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The geography of the Canadian economy is undergoing significant change. North-south links encouraged by the North American Free Trade Agreement are loosening east-west ties forged since Confederation. Metropolitian economies have replaced resource-based hinterlands as the centres of dynamicgrowth, and as the regional economies of tradi...

Iain Wallace is at Carleton University.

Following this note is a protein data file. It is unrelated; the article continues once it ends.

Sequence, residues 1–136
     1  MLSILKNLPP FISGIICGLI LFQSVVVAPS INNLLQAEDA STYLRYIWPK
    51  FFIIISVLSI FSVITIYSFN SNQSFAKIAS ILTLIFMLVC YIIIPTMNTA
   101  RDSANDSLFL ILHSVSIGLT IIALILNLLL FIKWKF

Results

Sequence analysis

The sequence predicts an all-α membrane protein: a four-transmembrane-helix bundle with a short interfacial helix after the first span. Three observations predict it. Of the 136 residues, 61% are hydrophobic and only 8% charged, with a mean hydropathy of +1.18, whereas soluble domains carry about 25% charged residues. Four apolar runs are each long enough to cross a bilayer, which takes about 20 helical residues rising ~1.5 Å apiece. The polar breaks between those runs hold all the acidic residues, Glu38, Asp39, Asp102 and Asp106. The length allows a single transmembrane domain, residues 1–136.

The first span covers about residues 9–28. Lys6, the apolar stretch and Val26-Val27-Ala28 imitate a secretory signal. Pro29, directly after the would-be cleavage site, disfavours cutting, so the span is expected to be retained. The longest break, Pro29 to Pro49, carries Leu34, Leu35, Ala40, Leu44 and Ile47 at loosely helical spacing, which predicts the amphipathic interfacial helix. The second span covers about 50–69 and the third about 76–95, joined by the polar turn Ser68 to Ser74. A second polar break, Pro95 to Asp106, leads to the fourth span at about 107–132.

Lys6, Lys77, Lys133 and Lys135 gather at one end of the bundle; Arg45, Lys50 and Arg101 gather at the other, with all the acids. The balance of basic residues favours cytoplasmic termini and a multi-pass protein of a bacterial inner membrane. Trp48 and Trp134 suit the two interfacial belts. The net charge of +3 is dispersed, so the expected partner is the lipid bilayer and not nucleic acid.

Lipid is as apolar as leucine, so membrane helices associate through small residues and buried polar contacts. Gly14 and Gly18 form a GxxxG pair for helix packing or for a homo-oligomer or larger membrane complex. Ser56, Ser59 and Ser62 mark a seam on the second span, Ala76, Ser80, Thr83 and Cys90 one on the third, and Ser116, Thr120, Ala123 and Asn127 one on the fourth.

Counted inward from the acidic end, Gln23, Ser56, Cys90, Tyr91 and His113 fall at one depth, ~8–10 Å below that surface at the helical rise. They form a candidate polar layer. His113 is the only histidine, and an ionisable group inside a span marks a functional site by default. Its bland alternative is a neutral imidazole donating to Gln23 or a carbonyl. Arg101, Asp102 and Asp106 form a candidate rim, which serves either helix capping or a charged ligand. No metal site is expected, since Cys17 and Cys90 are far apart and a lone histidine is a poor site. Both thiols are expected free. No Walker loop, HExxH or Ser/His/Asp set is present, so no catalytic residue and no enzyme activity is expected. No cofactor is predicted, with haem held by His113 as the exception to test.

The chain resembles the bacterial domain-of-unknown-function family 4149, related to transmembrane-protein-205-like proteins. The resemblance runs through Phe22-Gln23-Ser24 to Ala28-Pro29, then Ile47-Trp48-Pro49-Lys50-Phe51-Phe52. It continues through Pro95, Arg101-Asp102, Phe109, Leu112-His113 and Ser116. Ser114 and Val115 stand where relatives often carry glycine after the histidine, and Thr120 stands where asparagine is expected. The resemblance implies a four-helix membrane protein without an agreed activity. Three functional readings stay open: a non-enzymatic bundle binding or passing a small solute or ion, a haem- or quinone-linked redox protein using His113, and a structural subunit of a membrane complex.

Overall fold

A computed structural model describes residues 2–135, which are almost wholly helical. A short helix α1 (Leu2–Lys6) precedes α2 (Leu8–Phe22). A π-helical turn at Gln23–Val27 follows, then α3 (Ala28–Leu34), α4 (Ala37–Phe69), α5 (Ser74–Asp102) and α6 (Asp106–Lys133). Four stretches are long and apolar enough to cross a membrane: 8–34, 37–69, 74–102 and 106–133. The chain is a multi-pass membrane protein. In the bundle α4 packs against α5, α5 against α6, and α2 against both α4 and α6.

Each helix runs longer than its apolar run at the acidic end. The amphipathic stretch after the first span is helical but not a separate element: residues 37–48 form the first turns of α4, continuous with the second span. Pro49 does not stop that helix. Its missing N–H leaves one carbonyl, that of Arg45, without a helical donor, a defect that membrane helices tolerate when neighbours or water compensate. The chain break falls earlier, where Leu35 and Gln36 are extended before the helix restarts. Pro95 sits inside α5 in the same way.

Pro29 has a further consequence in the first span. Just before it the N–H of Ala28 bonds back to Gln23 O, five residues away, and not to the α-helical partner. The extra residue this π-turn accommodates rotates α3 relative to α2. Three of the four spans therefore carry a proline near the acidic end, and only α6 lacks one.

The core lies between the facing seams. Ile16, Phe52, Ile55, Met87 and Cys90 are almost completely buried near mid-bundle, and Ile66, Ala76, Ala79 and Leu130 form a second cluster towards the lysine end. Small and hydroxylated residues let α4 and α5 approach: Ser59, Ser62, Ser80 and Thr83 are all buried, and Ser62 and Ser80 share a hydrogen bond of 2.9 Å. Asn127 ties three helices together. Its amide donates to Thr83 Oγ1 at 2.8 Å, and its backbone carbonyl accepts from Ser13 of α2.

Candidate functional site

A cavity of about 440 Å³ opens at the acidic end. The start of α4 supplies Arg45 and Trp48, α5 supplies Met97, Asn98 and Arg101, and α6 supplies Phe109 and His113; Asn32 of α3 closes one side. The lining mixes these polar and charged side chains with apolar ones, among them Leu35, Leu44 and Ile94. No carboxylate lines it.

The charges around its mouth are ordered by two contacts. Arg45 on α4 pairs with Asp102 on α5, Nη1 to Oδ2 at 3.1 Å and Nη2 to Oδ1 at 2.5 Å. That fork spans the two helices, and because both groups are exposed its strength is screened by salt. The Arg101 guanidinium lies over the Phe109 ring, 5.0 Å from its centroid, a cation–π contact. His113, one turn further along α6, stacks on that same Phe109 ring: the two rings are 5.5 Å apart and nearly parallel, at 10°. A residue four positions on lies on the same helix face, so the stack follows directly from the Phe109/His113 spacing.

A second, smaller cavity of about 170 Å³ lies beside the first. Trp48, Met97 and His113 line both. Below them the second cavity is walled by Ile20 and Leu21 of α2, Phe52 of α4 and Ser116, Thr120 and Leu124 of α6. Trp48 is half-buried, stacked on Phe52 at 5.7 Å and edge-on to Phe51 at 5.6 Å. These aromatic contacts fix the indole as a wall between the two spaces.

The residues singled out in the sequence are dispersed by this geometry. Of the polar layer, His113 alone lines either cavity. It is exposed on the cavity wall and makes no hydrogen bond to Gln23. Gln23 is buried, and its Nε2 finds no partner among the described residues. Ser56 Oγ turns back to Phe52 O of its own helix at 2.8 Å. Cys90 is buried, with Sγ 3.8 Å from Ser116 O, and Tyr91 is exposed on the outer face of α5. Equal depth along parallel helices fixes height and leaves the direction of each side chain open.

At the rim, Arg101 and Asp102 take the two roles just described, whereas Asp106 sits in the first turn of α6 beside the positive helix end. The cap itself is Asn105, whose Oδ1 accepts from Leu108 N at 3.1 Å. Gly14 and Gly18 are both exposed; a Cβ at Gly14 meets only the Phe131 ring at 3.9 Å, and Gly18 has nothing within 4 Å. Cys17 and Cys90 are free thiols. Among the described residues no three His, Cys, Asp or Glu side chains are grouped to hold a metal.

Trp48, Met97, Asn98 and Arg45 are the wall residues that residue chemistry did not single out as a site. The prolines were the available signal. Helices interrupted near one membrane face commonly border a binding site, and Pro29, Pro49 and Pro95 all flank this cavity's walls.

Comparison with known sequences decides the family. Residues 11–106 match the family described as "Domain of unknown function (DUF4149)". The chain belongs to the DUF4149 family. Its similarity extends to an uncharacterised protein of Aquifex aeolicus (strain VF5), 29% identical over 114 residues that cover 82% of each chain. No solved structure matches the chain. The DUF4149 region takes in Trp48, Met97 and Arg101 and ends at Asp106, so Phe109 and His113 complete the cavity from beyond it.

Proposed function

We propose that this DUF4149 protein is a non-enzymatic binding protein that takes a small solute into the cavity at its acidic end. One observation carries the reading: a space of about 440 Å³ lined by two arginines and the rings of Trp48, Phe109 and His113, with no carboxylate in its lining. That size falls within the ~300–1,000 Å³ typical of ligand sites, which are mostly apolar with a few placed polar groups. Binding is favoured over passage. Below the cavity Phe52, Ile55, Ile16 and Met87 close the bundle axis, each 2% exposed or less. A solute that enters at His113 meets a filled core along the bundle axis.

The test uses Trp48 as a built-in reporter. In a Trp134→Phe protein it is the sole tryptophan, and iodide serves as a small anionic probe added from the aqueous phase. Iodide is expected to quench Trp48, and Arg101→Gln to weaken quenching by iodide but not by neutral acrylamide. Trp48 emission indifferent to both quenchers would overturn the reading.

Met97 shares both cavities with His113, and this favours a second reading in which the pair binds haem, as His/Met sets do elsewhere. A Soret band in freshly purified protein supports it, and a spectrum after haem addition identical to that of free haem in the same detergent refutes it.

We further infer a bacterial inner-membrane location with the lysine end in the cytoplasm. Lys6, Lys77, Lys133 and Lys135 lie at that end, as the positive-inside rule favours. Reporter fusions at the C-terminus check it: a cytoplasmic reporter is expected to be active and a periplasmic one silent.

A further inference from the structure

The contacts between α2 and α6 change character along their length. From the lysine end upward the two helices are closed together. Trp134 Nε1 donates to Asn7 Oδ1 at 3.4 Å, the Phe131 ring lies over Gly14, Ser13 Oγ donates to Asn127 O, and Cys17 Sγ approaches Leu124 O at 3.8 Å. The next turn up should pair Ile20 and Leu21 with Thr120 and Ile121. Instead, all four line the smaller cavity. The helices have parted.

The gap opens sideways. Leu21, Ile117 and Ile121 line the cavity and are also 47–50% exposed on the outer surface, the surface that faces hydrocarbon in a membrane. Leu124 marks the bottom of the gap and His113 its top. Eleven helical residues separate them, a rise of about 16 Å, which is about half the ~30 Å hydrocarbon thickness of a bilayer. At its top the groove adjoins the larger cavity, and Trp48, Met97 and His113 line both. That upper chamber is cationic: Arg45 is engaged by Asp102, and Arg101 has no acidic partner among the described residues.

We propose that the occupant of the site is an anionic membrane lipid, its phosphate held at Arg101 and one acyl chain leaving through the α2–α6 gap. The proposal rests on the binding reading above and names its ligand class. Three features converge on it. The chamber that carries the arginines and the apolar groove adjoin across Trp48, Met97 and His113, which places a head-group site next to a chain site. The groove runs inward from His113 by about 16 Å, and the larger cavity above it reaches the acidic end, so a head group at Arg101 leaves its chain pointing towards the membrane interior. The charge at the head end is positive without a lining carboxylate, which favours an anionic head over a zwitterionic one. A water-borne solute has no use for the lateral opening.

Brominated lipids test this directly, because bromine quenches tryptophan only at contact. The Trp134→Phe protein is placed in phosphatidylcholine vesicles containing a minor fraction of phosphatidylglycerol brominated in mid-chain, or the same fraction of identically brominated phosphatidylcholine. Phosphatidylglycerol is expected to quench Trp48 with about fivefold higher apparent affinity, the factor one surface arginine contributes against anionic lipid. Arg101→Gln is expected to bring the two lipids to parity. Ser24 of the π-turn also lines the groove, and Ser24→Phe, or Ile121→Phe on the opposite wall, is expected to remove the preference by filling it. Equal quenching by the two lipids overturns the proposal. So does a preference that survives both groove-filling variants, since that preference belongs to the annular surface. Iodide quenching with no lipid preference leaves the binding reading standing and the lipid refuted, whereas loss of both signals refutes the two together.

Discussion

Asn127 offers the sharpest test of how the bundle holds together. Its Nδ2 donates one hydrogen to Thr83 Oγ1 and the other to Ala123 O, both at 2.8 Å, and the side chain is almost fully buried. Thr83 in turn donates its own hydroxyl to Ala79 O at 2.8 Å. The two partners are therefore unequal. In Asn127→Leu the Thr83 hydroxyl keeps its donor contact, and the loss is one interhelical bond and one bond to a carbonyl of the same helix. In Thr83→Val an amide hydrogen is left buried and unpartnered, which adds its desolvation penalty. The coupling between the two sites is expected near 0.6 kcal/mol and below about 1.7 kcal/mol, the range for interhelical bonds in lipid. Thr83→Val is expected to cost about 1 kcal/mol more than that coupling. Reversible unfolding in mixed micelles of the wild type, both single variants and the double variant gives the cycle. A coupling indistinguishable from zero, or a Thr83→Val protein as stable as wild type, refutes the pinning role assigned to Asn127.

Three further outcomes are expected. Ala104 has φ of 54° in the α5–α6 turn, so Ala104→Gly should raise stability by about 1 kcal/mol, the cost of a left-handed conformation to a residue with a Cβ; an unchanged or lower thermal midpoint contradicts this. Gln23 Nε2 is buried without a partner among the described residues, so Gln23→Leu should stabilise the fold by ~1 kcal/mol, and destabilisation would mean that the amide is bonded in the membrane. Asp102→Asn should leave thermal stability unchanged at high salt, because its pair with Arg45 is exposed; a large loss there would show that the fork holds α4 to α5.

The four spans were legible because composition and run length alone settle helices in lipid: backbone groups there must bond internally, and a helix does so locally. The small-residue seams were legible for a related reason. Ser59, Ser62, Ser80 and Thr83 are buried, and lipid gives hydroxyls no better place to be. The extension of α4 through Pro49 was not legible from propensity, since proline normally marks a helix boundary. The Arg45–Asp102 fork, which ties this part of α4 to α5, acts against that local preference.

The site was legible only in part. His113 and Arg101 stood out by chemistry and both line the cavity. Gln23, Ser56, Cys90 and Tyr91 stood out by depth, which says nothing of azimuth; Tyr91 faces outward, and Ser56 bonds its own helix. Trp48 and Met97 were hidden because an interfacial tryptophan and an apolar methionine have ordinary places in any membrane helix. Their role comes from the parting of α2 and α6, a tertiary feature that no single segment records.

Format:PaperbackDimensions:280 pages, 8.9 × 6 × 0.8 inPublisher:Oxford University PressLanguage:English

The following ISBNs are associated with this title:

ISBN - 10:0195407733

ISBN - 13:9780195407730

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Table of Contents